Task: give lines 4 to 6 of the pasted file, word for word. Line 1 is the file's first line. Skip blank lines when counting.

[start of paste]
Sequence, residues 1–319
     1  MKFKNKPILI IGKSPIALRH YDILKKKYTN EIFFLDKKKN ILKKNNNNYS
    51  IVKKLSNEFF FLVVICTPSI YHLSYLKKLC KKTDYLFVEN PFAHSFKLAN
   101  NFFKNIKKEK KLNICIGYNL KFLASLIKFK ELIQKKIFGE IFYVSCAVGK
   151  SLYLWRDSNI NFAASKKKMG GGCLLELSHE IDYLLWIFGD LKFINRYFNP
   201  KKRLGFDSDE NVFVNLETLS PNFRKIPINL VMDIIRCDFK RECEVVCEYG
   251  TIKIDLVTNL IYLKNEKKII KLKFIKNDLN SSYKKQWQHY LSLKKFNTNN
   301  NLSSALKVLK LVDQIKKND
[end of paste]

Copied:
   101  NFFKNIKKEK KLNICIGYNL KFLASLIKFK ELIQKKIFGE IFYVSCAVGK
   151  SLYLWRDSNI NFAASKKKMG GGCLLELSHE IDYLLWIFGD LKFINRYFNP
   201  KKRLGFDSDE NVFVNLETLS PNFRKIPINL VMDIIRCDFK RECEVVCEYG